OCGA 37-3-40 et seq. provides for the involuntary examination, hospitalization, and treatment of individuals for mental illness. Although there is no provision for issuance of an arrest "warrant," the law does provide for an analogous procedure whereby such "process" may be issued as will authorize the lawful taking of an individual into custody for purposes of receiving an examination. Under OCGA 37-3-41 (a), one may be taken into such custody by peace officers pursuant to a physician's certificate and, under subsection (b) of that statute, a court order can serve as an alternative form of process. In Kendrick v. Metro. Psychiatric Center, 158 Ga. App. 839 (282 SE2d 361) (1981), we first dealt with the tort of false imprisonment in the context of these statutory provisions for involuntary mental examination and treatment. In Kendrick, the issue of the "unlawfulness" of the detention was addressed and determined as in any other false imprisonment case by deciding whether the detention was predicated upon procedurally valid process. "It is because the subject matter of this case involves the extremely sensitive area of deprivation of liberty that we have required such strict compliance with the procedures mandated by [the applicable statutory provisions]. The procedural safeguards contained in [those provisions] are obviously there for the purpose of ensuring that individual rights are not eroded in the name of medical expediency. We consider rigid adherence to the designated procedures especially important in light of the relative ease with which one may be taken from a first interview with a physician to involuntary confinement and treatment." (Emphasis supplied.) Kendrick v. Metro. Psychiatric Center, supra at 842. Thus, the Kendrick decision is implicit authority for the proposition that a claim of false imprisonment based upon involuntary mental examination and treatment is analytically identical to any other claim for false imprisonment. The validity of this analysis expressed in Kendrick is supported by further authority. OCGA 37-3-4 provides that a physician "who acts in good faith in compliance with the admission and discharge provisions of this chapter shall be immune from civil or criminal liability for his actions in connection with the admission of a patient to a facility or the discharge of a patient from a facility." Thus, one who is admitted as a patient pursuant to a physician's "good faith" compliance with the applicable procedures of OCGA 37-3-40 et seq. has no right of recovery. This is unquestionably analogous to the general tort provision of OCGA 51-7-21, whereby those who in "good faith" secure what proves to be a defective or void warrant are provided a defense to a false imprisonment claim. Appellant relies upon the following language in Carter v. Landy, supra at 510: "[T]he standard to determine whether or not the plaintiff was unlawfully detained, that is, deprived of her personal liberty for any length of time, was a medical standard." (Emphasis supplied.) Taken literally, this language is inconsistent with the recognized general principles of false imprisonment discussed above: That when the detention is pursuant to some form of process, the initial determination of "unlawfulness" relates to the procedural validity of that process, not to the factors which may have entered into the decision to seek its issuance. See generally Grist v. White, supra. The above-quoted language from Carter is also in seeming conflict with earlier authority. In Kendrick, supra, the recognized general principles of the law of false imprisonment were applied notwithstanding the fact that the detention was ultimately based upon a medical opinion. Moreover, our Supreme Court has made it clear that "[t]here is no such tort [as 'negligent false imprisonment']." Stewart v. Williams, supra at 581. For these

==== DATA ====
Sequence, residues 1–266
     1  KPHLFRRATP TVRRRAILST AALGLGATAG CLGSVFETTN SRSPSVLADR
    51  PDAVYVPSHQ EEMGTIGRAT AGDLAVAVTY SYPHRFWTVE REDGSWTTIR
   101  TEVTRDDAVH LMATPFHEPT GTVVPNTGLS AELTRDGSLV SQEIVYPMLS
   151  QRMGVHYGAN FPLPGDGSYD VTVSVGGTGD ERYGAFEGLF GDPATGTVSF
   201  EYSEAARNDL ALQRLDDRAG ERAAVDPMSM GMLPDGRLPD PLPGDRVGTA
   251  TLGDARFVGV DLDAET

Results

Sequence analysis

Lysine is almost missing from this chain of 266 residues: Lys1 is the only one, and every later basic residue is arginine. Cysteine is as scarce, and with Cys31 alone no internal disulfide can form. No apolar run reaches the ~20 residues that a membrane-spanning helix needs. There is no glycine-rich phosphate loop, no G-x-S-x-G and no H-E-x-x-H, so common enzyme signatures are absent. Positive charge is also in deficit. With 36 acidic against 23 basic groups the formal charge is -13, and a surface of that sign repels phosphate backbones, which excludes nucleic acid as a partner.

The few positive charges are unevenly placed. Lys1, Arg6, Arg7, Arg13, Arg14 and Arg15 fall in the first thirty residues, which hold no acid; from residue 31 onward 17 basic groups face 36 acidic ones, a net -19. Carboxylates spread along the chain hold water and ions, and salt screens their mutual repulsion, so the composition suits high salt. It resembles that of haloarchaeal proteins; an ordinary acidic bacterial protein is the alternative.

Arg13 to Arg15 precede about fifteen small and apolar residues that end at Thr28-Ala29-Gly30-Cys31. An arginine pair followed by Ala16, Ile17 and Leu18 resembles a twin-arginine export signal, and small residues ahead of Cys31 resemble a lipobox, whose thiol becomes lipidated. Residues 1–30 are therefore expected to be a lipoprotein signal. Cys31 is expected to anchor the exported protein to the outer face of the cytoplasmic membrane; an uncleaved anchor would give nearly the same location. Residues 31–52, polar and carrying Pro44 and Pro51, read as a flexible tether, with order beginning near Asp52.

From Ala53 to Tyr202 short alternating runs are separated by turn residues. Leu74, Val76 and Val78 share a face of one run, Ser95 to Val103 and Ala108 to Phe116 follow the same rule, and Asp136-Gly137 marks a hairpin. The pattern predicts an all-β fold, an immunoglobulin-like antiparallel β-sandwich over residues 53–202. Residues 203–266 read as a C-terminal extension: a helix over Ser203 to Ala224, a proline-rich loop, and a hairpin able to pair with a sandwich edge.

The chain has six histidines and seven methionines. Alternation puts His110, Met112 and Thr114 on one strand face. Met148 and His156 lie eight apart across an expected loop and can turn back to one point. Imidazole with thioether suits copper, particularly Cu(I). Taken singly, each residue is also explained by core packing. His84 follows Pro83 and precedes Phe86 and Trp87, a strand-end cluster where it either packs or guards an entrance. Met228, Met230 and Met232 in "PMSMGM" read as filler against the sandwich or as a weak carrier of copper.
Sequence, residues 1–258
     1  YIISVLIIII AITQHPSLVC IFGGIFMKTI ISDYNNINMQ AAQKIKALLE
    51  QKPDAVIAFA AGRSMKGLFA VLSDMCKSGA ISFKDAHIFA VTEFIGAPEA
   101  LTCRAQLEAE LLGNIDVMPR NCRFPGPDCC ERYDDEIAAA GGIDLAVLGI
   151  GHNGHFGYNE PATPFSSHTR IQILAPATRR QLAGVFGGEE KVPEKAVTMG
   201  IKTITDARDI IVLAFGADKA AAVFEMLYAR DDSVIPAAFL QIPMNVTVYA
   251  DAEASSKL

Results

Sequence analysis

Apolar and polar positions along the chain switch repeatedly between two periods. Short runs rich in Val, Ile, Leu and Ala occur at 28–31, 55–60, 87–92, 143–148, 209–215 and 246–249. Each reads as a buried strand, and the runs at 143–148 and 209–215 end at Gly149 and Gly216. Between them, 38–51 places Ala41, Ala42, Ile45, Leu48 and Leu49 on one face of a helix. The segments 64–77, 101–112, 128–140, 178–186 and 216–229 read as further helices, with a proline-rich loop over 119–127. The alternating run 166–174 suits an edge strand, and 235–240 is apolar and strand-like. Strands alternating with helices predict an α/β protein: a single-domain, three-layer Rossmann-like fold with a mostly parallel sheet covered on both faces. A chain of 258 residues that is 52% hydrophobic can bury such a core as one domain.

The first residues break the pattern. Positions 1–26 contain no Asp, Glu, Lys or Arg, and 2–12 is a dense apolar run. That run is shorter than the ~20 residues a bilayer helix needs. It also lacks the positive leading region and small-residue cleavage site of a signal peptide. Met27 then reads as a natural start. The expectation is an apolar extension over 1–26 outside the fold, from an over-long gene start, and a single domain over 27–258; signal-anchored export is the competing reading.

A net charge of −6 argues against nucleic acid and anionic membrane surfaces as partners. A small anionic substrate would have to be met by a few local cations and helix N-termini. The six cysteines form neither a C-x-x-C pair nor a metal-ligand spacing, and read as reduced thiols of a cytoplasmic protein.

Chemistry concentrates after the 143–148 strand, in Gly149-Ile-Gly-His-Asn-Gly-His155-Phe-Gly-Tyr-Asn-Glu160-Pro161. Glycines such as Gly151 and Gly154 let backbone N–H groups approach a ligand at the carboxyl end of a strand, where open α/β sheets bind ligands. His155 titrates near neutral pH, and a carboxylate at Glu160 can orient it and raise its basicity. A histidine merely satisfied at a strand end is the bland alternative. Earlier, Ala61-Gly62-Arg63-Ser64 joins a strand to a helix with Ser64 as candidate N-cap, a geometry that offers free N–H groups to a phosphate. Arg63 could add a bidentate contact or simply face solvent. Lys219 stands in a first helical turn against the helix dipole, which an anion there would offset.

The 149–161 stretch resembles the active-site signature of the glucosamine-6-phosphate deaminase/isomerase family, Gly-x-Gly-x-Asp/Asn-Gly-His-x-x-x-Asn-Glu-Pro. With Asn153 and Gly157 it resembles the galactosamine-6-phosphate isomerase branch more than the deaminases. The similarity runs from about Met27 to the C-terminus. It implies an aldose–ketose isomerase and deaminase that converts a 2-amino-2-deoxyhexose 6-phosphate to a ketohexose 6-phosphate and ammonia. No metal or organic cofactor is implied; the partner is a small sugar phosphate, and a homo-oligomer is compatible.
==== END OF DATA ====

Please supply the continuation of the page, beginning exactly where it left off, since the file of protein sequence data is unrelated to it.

reasons, to the extent that Carter v. Landy, supra, could be construed as establishing a medical negligence standard for determining the "unlawfulness" of an involuntary detention pursuant to OCGA 37-3-40 et seq., it must be overruled. We hold the following to be the applicable legal principles: Where one is taken into custody pursuant to a procedurally valid certificate of a physician authorizing involuntary mental treatment, the resulting detention is not "unlawful." Although such detention may give rise to other claims, a cause of action for false imprisonment is not among them. Where one is held in custody pursuant to a void or defective physician's certificate, there is a viable claim for false imprisonment, but only if the certificate was not issued in "good faith." Where, as in Kendrick, supra, the detention is not evidenced by some form of objective compliance by the physician with all applicable procedural process requirements, there is a viable claim for false imprisonment.